The Kind

engine, stroke, cycle, engines, fuel, cylinder and economy

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A little horizontal engine is easier to cool than a vertical engine for the reason that a water hopper can be mounted directly on top of it, and where an engine is to be belted to a dynamo or other machine a horizontal engine is perhaps a trifle more rigid than a vertical engine.

Nearly all large engines except those built for the marine service are made horizontal because they are easier to build, to set up, to get at, are more rigid, and, hence, there is less vibration.

Two Stroke Cycle versus Your Stroke Cycle En gines.—All motorcycle, motor car and airplane en gines are made on the four stroke cycle principle, while marine and stationary engines are made on both the two and four stroke cycle principles.

Two stroke cycle engines in one and two cylinder types run a little smoother than those of the four stroke cycle types having the same number of cylin ders, because in the former there is a power stroke to every revolution of the crankshaft while in the latter there is a mower stroke to every two revolu tions.

In virtue of the fact that the fuel mixture in a two stroke cycle cylinder, especially in engines of the smaller sizes, is always contaminated by the burnt gases it is harder to start a two stroke cycle engine than it is a four stroke cycle engine of like size. If the engine is a large one and has a self-starter, this difficulty need not concern you.

Because there is an explosion to every revolution of the flywheel two stroke cycle engines are smaller and weigh less since the power is delivered every other stroke instead of every fourth stroke and con sequently the flywheel can be made some lighter. On the other hand a two stroke cycle engine heats up more than one having a four stroke cycle, and it takes therefore more water to cool it. But this is of no importance if it is to be used for driving a mo tor boat.

Single Cylinder versus Multicylinder Engines._ It is a well known fact in engine calculation that the fuel economy rapidly increases with the size of the cylinder. Since this is true it stands to reason that a single cylinder engine is always the most economi cal not only in its first cost but in its operation as well.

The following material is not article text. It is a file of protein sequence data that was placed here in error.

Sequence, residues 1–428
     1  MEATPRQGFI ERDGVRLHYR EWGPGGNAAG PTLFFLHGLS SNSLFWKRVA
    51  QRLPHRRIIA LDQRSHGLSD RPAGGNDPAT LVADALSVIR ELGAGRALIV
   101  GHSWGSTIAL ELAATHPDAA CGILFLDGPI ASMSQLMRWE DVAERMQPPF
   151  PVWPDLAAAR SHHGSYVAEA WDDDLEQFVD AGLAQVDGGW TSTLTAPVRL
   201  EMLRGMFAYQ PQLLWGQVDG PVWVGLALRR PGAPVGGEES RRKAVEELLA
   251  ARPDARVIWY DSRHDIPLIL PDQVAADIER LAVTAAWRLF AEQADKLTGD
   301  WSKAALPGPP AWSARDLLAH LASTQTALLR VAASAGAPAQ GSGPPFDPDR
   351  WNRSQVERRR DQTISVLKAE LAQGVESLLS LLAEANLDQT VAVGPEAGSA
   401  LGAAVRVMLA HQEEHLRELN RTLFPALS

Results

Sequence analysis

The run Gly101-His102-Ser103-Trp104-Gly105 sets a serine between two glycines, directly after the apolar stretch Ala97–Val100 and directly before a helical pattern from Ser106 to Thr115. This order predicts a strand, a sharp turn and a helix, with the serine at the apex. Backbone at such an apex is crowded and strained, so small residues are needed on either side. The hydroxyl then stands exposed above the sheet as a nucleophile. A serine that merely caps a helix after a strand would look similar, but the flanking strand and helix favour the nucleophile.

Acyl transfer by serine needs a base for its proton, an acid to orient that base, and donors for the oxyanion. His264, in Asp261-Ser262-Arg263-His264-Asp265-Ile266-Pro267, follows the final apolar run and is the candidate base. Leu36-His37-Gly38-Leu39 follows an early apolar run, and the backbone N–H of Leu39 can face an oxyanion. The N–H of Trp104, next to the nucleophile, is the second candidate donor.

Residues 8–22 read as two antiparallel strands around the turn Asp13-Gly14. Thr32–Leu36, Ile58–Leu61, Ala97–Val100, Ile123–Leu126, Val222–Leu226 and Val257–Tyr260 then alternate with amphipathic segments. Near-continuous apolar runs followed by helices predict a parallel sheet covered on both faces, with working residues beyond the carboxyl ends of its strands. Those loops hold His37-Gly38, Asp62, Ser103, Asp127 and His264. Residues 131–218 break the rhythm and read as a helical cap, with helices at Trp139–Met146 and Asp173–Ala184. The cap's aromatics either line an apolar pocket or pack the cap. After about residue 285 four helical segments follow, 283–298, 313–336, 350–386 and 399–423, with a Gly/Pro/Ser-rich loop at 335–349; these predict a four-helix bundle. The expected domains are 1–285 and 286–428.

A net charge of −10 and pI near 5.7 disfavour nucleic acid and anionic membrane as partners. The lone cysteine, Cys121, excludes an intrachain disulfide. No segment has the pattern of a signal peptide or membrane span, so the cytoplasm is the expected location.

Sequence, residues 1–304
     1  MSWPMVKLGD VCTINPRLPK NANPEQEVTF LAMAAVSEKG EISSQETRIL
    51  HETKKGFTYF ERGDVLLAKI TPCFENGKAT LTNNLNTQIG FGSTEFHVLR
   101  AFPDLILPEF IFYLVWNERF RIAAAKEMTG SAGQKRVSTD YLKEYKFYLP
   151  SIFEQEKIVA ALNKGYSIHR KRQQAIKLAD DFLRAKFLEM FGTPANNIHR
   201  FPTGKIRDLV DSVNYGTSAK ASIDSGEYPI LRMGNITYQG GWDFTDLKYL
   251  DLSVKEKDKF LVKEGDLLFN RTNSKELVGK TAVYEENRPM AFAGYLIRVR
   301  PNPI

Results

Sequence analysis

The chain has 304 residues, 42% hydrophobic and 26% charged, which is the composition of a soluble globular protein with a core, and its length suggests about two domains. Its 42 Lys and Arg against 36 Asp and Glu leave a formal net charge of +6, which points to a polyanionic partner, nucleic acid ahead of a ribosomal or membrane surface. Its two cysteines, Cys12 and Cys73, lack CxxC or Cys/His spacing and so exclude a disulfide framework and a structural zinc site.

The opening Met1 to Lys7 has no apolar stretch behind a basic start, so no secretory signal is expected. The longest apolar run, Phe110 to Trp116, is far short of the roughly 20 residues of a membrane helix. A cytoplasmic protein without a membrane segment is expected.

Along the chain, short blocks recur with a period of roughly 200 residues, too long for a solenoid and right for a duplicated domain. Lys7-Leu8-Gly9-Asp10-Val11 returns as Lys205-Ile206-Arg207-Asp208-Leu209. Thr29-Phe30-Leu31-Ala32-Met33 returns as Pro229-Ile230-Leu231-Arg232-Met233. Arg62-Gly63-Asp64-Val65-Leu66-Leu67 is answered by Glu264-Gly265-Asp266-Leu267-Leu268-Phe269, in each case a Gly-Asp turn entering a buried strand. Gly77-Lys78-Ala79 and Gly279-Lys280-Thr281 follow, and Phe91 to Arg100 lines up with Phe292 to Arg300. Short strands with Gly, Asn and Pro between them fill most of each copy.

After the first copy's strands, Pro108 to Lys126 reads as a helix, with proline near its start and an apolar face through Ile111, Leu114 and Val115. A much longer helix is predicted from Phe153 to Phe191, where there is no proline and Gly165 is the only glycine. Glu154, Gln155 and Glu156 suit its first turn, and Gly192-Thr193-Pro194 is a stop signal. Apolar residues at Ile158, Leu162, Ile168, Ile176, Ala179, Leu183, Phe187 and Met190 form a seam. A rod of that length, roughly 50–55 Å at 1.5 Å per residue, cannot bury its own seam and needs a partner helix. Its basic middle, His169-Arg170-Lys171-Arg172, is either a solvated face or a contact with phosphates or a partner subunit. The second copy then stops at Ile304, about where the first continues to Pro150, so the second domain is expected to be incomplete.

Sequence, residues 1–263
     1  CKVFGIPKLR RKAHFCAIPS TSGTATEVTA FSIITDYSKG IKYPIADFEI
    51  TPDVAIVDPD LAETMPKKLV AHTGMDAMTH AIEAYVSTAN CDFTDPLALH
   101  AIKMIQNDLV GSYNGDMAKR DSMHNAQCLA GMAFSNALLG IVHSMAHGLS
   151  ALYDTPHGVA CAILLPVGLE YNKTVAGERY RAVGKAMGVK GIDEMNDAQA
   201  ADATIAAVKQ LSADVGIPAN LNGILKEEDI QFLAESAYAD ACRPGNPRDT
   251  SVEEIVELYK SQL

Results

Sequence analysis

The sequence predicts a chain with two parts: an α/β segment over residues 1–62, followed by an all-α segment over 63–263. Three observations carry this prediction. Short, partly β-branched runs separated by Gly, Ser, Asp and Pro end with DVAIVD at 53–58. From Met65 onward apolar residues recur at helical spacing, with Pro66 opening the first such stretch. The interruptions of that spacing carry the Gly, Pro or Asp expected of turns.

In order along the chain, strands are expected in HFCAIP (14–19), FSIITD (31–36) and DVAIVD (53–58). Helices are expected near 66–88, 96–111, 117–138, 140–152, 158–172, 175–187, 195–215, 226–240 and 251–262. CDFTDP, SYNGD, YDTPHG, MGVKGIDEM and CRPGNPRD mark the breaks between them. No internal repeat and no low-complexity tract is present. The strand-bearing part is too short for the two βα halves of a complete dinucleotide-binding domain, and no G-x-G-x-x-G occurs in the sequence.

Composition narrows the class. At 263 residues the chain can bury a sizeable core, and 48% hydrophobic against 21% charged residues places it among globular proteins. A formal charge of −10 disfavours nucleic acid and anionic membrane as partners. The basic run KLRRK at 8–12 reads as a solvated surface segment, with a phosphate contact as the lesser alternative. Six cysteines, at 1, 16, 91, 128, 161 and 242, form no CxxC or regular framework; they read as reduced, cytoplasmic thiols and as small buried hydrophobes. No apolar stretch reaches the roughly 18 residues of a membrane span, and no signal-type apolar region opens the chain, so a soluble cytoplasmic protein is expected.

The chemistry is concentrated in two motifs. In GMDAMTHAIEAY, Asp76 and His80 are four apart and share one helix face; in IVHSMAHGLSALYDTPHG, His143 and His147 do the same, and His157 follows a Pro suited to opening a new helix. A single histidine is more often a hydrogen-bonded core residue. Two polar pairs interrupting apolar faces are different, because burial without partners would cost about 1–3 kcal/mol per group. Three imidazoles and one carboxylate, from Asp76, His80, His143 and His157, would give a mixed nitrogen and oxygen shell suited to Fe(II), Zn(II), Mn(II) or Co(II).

A single cylinder engine is more simple to man age and you should always use it for stationary work if you can possibly do so. But when the size of the

cylinder reaches a certain critical point it cannot be easily increased and so where more than 75 or 100 horsepower is needed it is the better practice to install an engine having two or more cylinders.

The Size of an Engine in Relation to Its Fuel fuel economy always raises with the load but in an engine of good design it will remain pretty nearly the same from three-quarters load on up to full load.

For this reason it is not good practice to buy a 2 or 3 horsepower engine if a 1 horsepower engine will give you all the power you need. Not only is the fuel economy greater when the engine is running on full load but it uses less lubricating oil.

While all reputable engines are built to carry overloads still it is bad policy to install too small an engine, for it will have to bear the brunt of extra wear and tear due to excessive stress and strains and these will be sure to cost you dearly before the end.

The Type of an Engine in lelotion to the Fuel Available. From what has gone before you will get a pretty clear idea of whether you want a vertical or • a horizontal engine, one that works on a two or a four stroke cycle, and the size you need, and now comes the question of the kind of fuel that you must burn in your engine.

In districts where natural gas can be had or where illuminating gas can be bought at a low cost these are the ideal fuels, but for engines of from 40 to 300 horsepower producer gas will be found the most economical.

Gasoline is the kind of liquid fuel to use where high speeds and certainty of operation, as in mobile engines, are required and economy is not of the great est importance. In small engines, such as are used on the farm where a cheaper fuel is preferable, an oil engine using a low grade of kerosene is the kind to get.

Crude fuel oils are not to be recommended for very small engines but where you can get this fuel cheaply and where high economy must be practiced, f you can use an engine large enough to burn them successfully, by all means do so.

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